Popular gym supplement found to be ineffective at building muscle
Save your money and focus on food instead
Branched chain amino acids (BCAAs) are a hugely popular bodybuilding supplement used by athletes and gym goers alike, but a new study has found them to be largely ineffective.
Whether you're looking to build muscle, burn fat or just optimise recovery from training, scientists believe you're far better off focussing your efforts on a high-protein, whole food diet.
BCAAs burst onto the scene in the late 1980s, and were generally targeted at competitive bodybuilders needing to maintain muscle mass on a highly strict diet.
For these individuals, solid food might have led to excess calories being consumed. BCAAs were encouraged as a result.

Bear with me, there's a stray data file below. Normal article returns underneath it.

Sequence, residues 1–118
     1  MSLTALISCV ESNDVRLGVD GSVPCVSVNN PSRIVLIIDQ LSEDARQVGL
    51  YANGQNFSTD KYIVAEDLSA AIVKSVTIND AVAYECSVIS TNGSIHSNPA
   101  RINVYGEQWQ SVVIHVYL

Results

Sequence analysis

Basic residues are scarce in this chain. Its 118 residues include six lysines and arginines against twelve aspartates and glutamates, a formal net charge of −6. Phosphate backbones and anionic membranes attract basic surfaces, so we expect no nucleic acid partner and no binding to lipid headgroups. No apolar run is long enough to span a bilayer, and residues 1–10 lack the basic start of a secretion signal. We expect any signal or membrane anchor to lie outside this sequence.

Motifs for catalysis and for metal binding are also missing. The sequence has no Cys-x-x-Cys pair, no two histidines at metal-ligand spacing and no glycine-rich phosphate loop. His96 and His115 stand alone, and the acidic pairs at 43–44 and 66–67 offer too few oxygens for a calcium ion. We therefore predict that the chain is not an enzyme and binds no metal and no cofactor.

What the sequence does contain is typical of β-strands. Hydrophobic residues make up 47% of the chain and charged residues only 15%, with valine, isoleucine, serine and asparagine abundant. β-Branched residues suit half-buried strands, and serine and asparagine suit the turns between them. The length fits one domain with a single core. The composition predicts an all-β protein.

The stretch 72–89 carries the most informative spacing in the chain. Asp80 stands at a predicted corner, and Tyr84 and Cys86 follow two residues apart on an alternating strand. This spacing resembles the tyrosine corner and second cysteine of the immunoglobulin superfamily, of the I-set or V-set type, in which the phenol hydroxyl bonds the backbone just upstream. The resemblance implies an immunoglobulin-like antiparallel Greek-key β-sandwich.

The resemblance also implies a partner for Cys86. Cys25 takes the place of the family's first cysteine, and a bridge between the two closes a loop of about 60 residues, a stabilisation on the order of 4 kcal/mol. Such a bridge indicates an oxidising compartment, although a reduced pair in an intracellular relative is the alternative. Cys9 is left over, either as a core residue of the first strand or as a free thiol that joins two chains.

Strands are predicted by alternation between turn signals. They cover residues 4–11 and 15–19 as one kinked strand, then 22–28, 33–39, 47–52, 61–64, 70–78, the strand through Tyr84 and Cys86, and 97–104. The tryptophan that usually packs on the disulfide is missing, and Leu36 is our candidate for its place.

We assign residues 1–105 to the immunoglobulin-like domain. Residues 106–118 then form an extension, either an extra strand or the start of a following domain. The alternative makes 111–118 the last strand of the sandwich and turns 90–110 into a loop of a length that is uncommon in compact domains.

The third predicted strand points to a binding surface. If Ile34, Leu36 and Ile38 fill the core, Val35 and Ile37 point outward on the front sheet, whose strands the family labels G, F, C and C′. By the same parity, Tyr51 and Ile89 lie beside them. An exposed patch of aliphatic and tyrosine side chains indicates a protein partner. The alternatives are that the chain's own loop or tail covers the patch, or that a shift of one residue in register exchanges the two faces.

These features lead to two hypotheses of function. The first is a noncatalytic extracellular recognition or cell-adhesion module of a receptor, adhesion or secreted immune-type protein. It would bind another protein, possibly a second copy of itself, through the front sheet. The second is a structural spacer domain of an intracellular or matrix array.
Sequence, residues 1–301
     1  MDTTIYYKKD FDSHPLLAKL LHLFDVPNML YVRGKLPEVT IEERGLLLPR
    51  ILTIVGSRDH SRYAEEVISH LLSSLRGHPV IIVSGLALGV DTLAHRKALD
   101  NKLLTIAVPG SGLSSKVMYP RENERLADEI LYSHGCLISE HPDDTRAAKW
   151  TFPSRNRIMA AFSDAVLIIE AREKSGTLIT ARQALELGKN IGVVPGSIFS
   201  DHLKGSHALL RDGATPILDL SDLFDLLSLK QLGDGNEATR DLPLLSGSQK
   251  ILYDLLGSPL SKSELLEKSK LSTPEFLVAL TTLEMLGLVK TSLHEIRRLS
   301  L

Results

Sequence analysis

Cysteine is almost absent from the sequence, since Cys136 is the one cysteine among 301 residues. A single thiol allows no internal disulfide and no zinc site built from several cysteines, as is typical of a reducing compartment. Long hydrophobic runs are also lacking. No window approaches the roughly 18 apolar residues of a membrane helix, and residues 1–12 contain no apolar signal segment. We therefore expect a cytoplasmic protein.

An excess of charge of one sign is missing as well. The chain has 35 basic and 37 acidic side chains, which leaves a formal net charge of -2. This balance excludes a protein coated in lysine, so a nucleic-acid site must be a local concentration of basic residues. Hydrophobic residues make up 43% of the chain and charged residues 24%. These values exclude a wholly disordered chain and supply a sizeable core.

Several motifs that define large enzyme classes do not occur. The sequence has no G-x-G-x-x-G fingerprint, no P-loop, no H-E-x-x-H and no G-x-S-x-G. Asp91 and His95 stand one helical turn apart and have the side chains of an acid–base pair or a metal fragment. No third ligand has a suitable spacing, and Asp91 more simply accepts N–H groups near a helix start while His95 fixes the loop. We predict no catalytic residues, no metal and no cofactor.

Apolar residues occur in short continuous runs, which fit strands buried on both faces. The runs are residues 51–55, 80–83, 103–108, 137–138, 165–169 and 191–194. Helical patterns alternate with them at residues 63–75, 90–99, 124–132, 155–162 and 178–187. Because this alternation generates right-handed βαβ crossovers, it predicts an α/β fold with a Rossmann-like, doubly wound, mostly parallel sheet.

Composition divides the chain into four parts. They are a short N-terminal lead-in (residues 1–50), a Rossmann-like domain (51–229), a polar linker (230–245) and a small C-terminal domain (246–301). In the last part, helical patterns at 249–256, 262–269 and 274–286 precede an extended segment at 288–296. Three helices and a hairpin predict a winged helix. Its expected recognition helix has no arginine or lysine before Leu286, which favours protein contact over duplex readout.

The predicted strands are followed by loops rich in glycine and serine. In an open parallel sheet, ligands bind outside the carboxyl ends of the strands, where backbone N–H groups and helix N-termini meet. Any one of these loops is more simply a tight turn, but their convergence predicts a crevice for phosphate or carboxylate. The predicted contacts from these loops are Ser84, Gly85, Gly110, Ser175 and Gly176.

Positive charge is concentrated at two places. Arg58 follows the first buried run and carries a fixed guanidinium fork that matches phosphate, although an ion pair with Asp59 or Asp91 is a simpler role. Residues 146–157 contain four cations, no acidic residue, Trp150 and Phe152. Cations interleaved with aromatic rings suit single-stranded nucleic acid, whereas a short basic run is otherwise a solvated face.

We are talking about a very small share of the population for whom this supplement had any discernable benefit.
More recently, BCAAs have been marketed to the general population, often billed as an essential component of any serious gym goer's muscle-building arsenal.
However, in the last few years, there has been growing suspicion that BCAAs aren't worth taking if your diet, training and recovery are already in-check.
A team of scientists from China and Singapore took 132 adults and gave them BCAAs for 16 weeks. Measures were taken for lean body mass (muscle), calf muscle volume and insulin sensitivity (the body's ability to use carbs for energy).
Scientists concluded that "BCAA supplementation does not preserve lean mass or affect insulin sensitivity".
They added that "a higher protein diet may be more advantageous for lean mass (muscle) preservation".
How much protein should you consume through food?
According to the American College of Sports Medicine, those engaged in regular weight training or preparation for an endurance event should consume between 1.2 and 1.7 grams of protein each day, per kilo of bodyweight.
Whey protein shakes may help you hit that target in addition to solid food.